However, its citizens energetically looked ahead to establishing manufac- turing. Accordingly a large cotton duck mill—to furnish sails for the Glou- cester fleet—was built, and a colony of skilled weavers brought over from Eng- land. This burned flat Dec. 9, 1883, and was never rebuilt. Smaller indus- tries, such as an organ factory, ising- glass, from fish sounds, and others came into existence, but the great boost ahead came after the Civil War when the demand for building material opened up the quarries, some 600 men being em- ployed in the most prosperous times. But strange to say in the most prosper- us era of the building trade, the 1920- 30 decade, these quarries as a working concern practically went out of exist- ence. Since then no major occupation has come in to take its place.

Augmented by the abnormal welfare costs, the citizens faced one of the most difficult problems of any in the state. They rallied and took stock. “What have we as an asset?” The observing made answer. ‘One of the most beau- tiful stretches of seashore for Summer and permanent homes in the state, the possibilities of which are _ scarcely scratched.”

Welcomed Summer People

For several years past, retired people, those with incomes, had discovered in Rockport just the ideal conditions of living they desired for the Autumn of life. '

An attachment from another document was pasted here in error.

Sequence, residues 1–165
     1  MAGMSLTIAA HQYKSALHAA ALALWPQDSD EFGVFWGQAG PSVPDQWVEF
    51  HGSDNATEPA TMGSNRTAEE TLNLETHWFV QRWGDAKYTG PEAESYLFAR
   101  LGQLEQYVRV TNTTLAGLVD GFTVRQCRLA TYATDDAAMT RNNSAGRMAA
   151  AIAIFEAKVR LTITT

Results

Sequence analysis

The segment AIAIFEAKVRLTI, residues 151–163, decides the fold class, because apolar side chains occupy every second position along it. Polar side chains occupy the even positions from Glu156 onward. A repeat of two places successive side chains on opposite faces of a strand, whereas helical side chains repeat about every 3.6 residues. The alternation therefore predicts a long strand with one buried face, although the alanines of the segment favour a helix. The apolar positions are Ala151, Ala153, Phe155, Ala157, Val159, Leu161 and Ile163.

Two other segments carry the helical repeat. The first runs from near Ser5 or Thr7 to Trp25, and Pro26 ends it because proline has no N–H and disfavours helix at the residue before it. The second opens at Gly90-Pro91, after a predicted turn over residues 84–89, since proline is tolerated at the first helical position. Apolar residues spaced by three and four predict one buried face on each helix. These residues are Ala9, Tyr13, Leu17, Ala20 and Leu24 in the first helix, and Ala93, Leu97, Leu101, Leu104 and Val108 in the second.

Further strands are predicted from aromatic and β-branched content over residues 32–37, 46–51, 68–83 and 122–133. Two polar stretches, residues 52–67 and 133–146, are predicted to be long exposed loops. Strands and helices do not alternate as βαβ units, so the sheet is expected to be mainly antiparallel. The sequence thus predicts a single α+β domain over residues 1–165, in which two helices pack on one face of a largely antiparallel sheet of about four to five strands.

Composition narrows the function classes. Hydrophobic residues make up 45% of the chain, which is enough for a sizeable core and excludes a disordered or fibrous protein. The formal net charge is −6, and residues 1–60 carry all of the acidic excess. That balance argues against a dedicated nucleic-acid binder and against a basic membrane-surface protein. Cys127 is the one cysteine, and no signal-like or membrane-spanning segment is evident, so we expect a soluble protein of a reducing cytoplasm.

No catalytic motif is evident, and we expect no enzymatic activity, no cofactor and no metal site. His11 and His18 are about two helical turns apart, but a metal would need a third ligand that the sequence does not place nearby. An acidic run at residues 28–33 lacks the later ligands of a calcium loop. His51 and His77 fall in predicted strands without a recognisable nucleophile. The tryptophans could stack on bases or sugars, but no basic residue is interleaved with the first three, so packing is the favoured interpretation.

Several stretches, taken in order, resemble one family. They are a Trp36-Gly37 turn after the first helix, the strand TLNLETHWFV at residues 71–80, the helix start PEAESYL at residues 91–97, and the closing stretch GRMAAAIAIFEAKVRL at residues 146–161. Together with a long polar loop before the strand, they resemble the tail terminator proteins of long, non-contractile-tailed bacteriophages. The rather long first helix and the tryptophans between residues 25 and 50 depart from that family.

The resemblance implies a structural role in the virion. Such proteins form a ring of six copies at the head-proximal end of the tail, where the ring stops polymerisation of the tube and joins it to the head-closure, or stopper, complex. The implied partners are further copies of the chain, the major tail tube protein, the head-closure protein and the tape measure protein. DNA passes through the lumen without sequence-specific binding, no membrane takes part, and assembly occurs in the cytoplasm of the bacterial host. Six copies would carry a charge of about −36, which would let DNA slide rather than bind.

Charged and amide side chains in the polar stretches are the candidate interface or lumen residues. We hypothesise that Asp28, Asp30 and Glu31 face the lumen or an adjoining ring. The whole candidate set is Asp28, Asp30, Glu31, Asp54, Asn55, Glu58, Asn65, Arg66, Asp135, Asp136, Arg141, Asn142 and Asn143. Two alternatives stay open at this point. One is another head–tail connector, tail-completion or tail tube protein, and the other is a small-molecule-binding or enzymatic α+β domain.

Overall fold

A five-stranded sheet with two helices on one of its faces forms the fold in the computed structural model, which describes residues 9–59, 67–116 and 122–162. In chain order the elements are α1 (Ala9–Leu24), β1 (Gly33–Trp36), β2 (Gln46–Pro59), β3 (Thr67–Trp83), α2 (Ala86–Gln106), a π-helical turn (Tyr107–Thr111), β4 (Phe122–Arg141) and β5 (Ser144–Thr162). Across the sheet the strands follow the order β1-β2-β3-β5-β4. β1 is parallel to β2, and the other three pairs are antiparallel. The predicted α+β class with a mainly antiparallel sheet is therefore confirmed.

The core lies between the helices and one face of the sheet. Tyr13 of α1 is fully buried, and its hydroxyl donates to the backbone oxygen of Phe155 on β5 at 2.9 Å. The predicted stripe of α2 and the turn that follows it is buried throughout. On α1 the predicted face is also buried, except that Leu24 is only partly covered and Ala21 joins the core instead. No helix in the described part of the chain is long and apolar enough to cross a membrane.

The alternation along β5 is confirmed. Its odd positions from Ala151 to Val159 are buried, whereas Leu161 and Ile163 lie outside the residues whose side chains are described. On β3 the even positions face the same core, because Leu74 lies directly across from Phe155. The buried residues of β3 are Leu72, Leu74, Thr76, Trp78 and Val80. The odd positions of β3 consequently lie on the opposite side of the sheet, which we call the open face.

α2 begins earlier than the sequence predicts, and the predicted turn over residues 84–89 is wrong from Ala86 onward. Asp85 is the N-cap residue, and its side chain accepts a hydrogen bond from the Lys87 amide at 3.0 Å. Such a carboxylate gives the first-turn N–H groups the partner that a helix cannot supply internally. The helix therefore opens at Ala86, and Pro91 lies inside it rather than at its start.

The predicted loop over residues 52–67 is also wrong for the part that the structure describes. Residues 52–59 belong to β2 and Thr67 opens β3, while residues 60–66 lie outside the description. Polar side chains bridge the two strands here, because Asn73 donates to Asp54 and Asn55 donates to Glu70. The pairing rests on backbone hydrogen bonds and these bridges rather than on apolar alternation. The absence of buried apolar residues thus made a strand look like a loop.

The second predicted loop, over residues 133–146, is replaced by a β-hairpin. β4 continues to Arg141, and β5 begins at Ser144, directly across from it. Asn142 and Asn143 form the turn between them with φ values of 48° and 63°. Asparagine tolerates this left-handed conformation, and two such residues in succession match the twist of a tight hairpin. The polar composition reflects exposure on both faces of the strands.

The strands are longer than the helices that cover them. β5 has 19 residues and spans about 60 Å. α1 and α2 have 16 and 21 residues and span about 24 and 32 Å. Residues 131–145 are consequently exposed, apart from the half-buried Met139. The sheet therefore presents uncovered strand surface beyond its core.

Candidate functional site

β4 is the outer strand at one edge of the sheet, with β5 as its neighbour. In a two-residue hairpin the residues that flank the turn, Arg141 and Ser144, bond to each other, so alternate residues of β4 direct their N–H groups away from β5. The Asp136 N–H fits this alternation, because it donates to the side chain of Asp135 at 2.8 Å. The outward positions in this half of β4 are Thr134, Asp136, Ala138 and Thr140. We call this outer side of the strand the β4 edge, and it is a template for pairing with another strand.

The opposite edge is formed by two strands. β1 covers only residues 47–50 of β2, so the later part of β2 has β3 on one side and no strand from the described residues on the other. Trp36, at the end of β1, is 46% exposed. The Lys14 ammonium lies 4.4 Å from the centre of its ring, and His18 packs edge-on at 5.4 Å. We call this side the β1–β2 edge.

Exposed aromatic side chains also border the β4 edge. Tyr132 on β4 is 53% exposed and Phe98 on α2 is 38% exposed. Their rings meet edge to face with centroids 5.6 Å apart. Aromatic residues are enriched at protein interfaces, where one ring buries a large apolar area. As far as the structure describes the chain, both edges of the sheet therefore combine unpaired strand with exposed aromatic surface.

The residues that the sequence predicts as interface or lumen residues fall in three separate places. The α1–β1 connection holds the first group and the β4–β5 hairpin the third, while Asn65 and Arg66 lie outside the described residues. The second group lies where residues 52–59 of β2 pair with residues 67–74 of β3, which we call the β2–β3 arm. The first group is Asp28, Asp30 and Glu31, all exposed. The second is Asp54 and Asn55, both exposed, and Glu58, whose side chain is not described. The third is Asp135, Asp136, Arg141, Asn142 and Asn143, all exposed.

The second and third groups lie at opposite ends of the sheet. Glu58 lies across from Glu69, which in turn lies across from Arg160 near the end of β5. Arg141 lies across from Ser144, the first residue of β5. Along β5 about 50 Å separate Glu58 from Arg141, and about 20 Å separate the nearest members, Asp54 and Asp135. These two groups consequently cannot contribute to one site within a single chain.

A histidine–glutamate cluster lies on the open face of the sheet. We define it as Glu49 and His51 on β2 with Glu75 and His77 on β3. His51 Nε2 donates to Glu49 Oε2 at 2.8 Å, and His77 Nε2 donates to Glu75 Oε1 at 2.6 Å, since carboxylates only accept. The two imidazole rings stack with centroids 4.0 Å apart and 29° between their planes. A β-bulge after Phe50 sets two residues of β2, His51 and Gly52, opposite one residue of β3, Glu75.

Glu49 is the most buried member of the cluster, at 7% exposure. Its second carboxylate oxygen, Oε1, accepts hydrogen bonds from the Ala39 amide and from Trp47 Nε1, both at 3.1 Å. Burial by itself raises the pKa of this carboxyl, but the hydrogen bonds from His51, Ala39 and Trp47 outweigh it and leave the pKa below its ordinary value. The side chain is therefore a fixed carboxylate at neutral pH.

Here was the answer, said the towns- people: “Let’s join hands with these people, make them welcome as neigh- bors, and induce them to bring in their friends.” And they went ahead along that line.

The town for some years had an ad-

Cape ANN SHORE, July 10, 1936

visory committee which passed upon the articles involving expenditure of money proposed in the annual warrant which were pared down and its recom- mendations always followed in the main,

This season the committee was vir- tually dominated by a Summer comer who had just become a permanent resi- dent. The motto was to pare down and get down to a_ pay-as-you-go system without stretching economy into parsi- mony. Its recommendations were adopt- ed without ado with the resultant de- crease in taxes. For example the po- lice wanted a cruising car with radio equipment. Granted it was a good thing but it must wait for a later date. And so down the line to a decrease of $3 per thousand.

In the past five years the Summer resident interest in Rockport has grown steadily. More and more the little pitched roofed colonial bungalows known as Cape Cod houses but which are nu- merous and perhaps indigenous to Cape Ann have been purchased by those who, closing a business career, seek a town where conditions are quiet and to their liking. At present the ratio of Summer resident real estate valuation is as three to one for the permanents, about the same as in Gloucester.